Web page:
FIG. 4 is a diagram showing an arrangement of the optical components in the vicinity of the flow cell 5 according to the present invention. As shown in FIG. 4, the excitation light is converged by the objective lens 6 and irradiates the flow cell 5 from the right side in the drawing. The excitation light is reflected by the dichroic mirror 3a on the left side of the flow cell 5 and again irradiates the cells within the flow cell. Meanwhile the fluorescence emitted by the irradiated cells passes through the dichroic mirror 3a so as to impinge upon the photomultiplier 8.

It should be noted that dichroic mirror 3a used can be one which is concave in shape, as shown in FIG. 5. In such case, if the focal point of the reflected light from the dichroic mirror 3a is placed in the measurement zone of the flow cell 5, then even the excitation light incident upon the periphery of the concave mirror can be converged toward the measurement zone, as a result of which the degree of illumination provided by the excitation light can be increased even further.

As illustrated in FIG. 6, it is also possible to vapor-deposit a wavelength-selective film on the back surface of the flow cell 5.

FIG. 7 is a block diagram illustrating the construction of a second embodiment of a flow imaging cytometer according to the present invention.

This embodiment is simplified in construction by arranging the cell monitoring system and the image pick-up system on the same optic axis. In this case, it is required that a half-mirror 16 be interposed between the dichroic mirror 3 and the electronic shutter 9. Here fluorescent light reflected by the half-mirror 16 is detected by the photomultiplier 8, and fluorescent light transmitted by the half-mirror 16 is picked up and imaged by the image pick-up means 12.

FIG. 10 is block diagram illustrating the construction of a third embodiment of a flow imaging cytometer according to the present invention.

In this embodiment, the dichroic mirrors 3, 3a are eliminated by arranging the cell monitoring system and the image pick-up system at right angles to the excitation-light irradiating system. In this arrangement, the dichroic mirrors 3, 3a are replaced by reflecting means 17 as wavelength selecting means in order to measure fluorescence from one side of the cell which emits the fluorescence. To this end, it is required that the reflecting means 17 be disposed on the side of the flow cell 5 opposite the light source 1 which induces the fluorescence. Examples of the reflecting means 17 are a planar mirror or, as in the arrangement of FIG. 5, a concave mirror whose focal point is placed at a position in the measurement zone of the flow cell 5. As for the disposition of the reflecting means 17, it may be placed in the same manner as the dichroic mirror 3a in the arrangement shown in FIGS. 4, 5 and 6.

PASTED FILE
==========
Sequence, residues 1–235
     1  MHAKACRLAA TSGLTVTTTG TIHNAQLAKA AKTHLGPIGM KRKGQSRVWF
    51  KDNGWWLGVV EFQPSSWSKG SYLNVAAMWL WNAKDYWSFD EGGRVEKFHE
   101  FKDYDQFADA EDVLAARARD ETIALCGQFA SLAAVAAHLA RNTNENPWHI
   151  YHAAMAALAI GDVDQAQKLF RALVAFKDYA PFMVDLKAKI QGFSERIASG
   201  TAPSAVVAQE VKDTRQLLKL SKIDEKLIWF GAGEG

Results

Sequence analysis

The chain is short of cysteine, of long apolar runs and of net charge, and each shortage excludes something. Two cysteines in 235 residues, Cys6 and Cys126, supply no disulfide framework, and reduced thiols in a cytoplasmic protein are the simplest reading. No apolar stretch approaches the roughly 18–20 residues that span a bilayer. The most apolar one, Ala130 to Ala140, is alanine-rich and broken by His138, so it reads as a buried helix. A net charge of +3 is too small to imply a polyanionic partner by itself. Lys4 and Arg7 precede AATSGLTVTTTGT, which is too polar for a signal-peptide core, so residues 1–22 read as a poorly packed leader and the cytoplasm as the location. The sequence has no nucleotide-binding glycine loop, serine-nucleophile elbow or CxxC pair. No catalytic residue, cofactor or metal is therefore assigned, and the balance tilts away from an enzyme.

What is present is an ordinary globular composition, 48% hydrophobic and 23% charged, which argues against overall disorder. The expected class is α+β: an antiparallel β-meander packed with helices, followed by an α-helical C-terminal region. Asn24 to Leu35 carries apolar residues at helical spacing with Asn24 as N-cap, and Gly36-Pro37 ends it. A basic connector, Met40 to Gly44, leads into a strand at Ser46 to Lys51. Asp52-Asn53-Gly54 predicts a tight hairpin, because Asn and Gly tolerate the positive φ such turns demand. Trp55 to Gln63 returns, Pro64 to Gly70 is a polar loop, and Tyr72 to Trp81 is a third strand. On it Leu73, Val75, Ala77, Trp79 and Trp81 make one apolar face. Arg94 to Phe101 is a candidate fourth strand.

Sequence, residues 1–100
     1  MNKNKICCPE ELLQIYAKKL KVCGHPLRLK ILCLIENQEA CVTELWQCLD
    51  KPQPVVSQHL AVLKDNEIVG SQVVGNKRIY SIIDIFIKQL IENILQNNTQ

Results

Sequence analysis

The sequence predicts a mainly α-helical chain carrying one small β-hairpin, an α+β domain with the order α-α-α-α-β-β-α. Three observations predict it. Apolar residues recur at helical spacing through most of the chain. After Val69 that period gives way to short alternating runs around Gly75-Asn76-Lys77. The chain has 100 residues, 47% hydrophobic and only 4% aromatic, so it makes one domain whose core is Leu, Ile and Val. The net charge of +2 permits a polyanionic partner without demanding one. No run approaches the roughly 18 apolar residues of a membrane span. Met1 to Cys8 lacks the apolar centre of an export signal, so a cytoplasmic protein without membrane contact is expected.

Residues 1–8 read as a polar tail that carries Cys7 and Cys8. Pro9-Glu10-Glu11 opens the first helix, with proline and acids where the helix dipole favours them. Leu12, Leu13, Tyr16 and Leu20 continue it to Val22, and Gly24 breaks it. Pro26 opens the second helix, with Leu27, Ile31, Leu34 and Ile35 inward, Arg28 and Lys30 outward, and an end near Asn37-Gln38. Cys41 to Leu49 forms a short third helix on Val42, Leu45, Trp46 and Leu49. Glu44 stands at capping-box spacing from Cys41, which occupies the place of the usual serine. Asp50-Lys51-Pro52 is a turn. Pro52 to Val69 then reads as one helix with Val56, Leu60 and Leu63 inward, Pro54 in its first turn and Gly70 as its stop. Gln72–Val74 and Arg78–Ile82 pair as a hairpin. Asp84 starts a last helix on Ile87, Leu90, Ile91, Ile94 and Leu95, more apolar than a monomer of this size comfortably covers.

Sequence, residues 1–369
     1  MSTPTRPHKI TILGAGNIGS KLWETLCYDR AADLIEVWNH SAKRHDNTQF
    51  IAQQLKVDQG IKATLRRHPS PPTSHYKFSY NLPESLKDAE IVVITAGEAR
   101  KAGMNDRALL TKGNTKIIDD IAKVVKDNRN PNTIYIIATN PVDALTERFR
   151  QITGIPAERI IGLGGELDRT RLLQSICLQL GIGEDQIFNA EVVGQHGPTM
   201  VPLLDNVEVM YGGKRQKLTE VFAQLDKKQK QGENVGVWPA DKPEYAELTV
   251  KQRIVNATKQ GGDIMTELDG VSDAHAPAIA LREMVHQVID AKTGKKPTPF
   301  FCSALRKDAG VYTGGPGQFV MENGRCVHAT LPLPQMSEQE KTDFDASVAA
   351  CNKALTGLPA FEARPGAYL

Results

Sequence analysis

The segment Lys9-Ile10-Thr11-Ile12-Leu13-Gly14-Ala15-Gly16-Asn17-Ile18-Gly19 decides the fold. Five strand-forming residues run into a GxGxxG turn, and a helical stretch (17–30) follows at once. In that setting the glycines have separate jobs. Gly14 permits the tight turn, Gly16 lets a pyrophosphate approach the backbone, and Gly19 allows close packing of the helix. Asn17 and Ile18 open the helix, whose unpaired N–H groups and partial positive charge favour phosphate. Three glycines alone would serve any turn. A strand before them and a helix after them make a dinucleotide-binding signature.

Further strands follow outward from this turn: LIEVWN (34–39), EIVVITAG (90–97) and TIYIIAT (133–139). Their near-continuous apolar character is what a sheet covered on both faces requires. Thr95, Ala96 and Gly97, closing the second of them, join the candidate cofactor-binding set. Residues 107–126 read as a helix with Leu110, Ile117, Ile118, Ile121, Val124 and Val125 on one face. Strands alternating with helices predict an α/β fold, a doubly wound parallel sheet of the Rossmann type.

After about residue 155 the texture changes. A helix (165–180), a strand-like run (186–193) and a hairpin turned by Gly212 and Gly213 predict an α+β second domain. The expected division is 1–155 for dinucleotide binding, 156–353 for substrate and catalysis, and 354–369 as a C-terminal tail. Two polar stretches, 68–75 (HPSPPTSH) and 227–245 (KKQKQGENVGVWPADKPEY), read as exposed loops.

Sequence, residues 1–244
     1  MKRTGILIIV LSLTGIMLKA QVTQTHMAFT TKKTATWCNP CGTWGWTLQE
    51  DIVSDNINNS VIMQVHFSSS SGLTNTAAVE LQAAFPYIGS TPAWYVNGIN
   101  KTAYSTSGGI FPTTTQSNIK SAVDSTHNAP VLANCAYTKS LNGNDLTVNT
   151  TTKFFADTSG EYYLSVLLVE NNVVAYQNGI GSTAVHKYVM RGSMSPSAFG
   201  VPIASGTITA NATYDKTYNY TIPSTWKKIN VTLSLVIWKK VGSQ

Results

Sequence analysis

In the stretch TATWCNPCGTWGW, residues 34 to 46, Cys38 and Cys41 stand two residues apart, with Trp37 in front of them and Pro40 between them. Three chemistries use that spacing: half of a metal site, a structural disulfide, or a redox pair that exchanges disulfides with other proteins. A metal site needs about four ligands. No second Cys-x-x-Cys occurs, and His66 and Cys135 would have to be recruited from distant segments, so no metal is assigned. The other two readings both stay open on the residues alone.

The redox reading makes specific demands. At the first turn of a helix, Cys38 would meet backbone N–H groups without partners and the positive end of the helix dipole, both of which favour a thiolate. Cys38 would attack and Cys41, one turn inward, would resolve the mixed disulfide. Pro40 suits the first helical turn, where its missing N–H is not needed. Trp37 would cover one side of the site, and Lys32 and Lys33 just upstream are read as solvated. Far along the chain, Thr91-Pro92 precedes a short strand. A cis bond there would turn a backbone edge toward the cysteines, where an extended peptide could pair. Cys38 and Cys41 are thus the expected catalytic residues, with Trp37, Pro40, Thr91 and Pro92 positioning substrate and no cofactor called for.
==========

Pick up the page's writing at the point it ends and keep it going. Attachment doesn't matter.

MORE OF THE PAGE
In still another possible arrangement, a concave mirror 17' having a circular aperture 17a'at its center, as shown in FIG. 11 and FIG. 12, can be provided between an excitation-light converging lens 15 and the flow cell 5. As a result, the excitation light is reflected at the concave surface portion to make possible a further increase in the illumination provided by the excitation light.

Thus, in accordance with the flow imaging cytometer of the present invention, as described above, the entirety of a cell can be irradiated with excitation light owing to reflection of excitation light by wavelength selecting means or reflecting means provided in back of a flat flow path of a specimen solution. In addition, since cells in the specimen solution are irradiated with the excitation light resulting from reflection, the illumination afforded by the excitation light can be doubled in comparison with a case in which the specimen solution is irradiated from only one side. As a result, it is possible to increase the intensity of the fluorescence emitted by the irradiated cells.

As many apparently widely different embodiments of the present invention can be made without departing from the spirit and scope thereof, it is to be understood that the invention is not limited to the specific embodiments thereof except as defined in the appended claims.

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Classifications
U.S. Classification356/73, 250/461.2, 356/39
International ClassificationG01N33/49, G01N21/64, G01N33/48, G01N15/14
Cooperative ClassificationG01N21/6456, G01N2021/177, G01N15/1436, G01N15/1434, G01N15/1459, G01N15/1463, G01N2015/144, G01N2015/1488
European ClassificationG01N15/14F, G01N15/14G3
Legal Events
DateCodeEventDescription
Feb 8, 2000FPExpired due to failure to pay maintenance fee
Effective date: 19991128
Nov 28, 1999LAPSLapse for failure to pay maintenance fees
Jun 22, 1999REMIMaintenance fee reminder mailed